Plus, Hussman shareholders get a big break, and more.
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On Wednesday afternoon, ClearBridge Advisors, an affiliate of Legg Mason LM that was formed in 2006 after the firm's acquisition of Citigroup Asset Management, announced some Legg Mason Partners funds' manager changes and a fund merger. The changes are big, but at least they will take place gradually.
Alan Blake, lead manager of Legg Mason Partners Large Cap Growth SBLGX since 1997, will retire at the end of October 2009. Peter Bourbeau, who was recently named a comanager of the fund after spending six years with the team, will take over. Scott Glasser, who has been a comanager (with Harry "Hersh" Cohen) on Legg Mason Partners Appreciation SHAPX since 1995, will join Bourbeau at Large Cap Growth while continuing to work on Appreciation.
Legg Mason Partners Equity Income Builder LMOAX also will merge with Legg Mason Partners Capital & Income SOPAX. Hersh Cohen, who has been with the firm since 1979 and is ClearBridge's chief investment officer, will run the combined fund, which will be called Legg Mason ClearBridge Equity Income Builder. Peter Vanderlee, who was previously responsible for Equity Income Builder, and Michael Clarfeld also will be a part of the newly formed team. Capital and Income's former management team, led by Robert Gendelman and including the fixed-income managers from Western Asset Management, will move off the fund, which got hit pretty hard in 2008's market collapse. This should be a good change for shareholders of Capital and Income, as Cohen's long-term performance has been notable.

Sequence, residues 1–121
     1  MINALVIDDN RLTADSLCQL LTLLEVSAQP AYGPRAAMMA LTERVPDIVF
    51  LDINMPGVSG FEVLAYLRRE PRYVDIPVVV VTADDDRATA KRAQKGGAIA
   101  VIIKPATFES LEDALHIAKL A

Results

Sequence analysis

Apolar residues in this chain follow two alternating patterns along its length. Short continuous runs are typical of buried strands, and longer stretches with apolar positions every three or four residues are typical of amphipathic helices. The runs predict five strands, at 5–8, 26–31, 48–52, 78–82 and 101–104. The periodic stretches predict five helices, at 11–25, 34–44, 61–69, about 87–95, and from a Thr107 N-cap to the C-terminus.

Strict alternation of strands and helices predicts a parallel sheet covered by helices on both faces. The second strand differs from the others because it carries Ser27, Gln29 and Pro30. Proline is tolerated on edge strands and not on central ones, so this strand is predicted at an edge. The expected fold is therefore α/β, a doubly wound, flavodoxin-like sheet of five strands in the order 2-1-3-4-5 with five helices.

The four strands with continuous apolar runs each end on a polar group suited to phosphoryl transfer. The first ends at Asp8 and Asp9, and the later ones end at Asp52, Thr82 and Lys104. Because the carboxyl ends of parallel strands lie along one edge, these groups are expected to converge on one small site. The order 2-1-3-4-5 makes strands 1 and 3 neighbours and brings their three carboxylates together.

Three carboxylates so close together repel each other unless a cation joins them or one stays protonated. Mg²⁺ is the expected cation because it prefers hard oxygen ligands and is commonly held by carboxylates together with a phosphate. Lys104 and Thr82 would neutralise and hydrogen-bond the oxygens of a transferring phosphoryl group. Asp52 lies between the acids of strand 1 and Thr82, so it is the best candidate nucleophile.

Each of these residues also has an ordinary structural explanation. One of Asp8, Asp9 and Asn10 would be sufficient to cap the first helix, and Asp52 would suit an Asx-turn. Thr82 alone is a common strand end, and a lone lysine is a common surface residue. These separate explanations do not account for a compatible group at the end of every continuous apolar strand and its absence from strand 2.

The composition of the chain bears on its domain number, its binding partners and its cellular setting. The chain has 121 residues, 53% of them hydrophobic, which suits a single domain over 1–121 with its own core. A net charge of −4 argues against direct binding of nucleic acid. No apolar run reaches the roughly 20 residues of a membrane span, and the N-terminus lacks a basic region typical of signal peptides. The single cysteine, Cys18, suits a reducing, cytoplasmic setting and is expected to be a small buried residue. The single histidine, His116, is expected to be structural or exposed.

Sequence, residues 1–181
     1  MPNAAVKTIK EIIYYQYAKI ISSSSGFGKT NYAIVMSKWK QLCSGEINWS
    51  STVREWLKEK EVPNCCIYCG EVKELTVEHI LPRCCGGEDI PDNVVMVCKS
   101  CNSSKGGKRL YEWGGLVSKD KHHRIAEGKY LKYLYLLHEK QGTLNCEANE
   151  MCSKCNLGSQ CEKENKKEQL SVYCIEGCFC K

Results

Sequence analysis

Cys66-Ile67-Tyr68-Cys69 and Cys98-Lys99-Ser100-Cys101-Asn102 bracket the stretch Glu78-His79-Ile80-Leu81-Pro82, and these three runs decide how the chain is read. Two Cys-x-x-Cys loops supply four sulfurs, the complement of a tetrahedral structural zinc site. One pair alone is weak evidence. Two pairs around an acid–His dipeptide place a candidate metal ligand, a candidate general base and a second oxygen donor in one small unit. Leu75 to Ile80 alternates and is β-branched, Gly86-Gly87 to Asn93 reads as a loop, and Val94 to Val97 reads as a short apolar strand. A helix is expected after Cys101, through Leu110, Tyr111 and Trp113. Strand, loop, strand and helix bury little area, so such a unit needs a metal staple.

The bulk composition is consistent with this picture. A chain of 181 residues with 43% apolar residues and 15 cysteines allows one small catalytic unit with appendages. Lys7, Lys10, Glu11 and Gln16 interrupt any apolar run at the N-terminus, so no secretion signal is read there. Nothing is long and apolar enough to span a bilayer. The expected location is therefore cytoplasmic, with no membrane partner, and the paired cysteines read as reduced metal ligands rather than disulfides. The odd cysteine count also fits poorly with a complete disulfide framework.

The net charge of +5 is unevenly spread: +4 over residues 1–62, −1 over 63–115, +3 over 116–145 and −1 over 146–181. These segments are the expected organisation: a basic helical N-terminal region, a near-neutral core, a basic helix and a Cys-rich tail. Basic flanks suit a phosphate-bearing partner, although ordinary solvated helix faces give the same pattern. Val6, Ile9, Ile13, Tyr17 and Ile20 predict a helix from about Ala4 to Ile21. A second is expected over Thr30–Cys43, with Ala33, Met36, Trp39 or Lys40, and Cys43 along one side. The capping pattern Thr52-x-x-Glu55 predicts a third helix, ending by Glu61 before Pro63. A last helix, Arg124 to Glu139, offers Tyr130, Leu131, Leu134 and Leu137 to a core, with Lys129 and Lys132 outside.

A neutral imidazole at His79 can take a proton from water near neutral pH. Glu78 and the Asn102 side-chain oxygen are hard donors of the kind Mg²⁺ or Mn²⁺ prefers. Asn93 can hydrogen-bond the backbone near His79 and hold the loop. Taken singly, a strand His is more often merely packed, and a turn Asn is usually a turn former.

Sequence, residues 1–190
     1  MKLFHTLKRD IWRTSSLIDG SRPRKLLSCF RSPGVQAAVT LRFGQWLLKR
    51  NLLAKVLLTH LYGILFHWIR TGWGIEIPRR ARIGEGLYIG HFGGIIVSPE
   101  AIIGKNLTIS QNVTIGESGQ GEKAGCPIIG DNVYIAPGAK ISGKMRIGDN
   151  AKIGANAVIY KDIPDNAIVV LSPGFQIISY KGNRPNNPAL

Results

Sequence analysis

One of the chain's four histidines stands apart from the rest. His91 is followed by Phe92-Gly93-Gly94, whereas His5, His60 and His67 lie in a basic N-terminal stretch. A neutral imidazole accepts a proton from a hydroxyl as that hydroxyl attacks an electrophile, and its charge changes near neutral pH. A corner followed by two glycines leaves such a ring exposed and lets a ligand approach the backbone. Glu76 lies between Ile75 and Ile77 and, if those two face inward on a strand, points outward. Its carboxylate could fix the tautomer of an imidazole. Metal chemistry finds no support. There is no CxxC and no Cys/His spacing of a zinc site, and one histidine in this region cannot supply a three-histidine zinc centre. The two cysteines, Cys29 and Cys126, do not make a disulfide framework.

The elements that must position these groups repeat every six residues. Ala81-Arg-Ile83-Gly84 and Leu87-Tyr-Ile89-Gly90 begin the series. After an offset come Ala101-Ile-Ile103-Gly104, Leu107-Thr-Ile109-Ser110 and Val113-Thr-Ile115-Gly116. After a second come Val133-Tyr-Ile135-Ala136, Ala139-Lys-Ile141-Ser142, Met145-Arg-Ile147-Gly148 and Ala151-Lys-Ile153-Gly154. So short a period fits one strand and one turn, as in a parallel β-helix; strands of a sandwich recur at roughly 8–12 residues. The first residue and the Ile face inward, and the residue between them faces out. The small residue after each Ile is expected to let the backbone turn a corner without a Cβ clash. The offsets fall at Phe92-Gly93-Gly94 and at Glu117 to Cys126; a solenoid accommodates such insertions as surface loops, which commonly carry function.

Capital and Income's gain is Legg Mason Partners Appreciation's loss, though. After running the fund for 30 years, Cohen will gradually hand his lead manager responsibilities to Scott Glasser. Michael Kagan, who has built up a good record long-term record at Legg Mason Partners Equity SABRX, will join Kagan. Cohen will stay on the team through the end of 2009 to facilitate the management shift, which should provide continuity.
Huron Consulting's Woes Whack Funds
Huron Consulting Group HURN, a provider of operational and financial consulting services, saw its stock drop more than 65% this week on news of accounting issues related to misreported earn-out payments on acquisitions.The firm also announced that its chairman and CEO and its CFO are leaving and that it would restate the last three full years of financials. Interestingly enough, former partners of Arthur Andersen founded Huron after Enron's accounting scandal killed the Chicago accounting firm.
Many small-growth managers thought this firm, which specializes in giving legal and financial advice to distressed companies, would flourish in the financial crisis and recession. Now the question is who Huron will go to for advice.
Hussman Shareholders Get a Big Break
2009 has been a mixed bag for mutual fund expense ratios. Some firms, such Charles Schwab SCHW and Davis Selected Advisors, have cut fees. But others, including Vanguard, RS Funds, American Funds, and AllianceBernstein, have seen fees go up due to declining assets.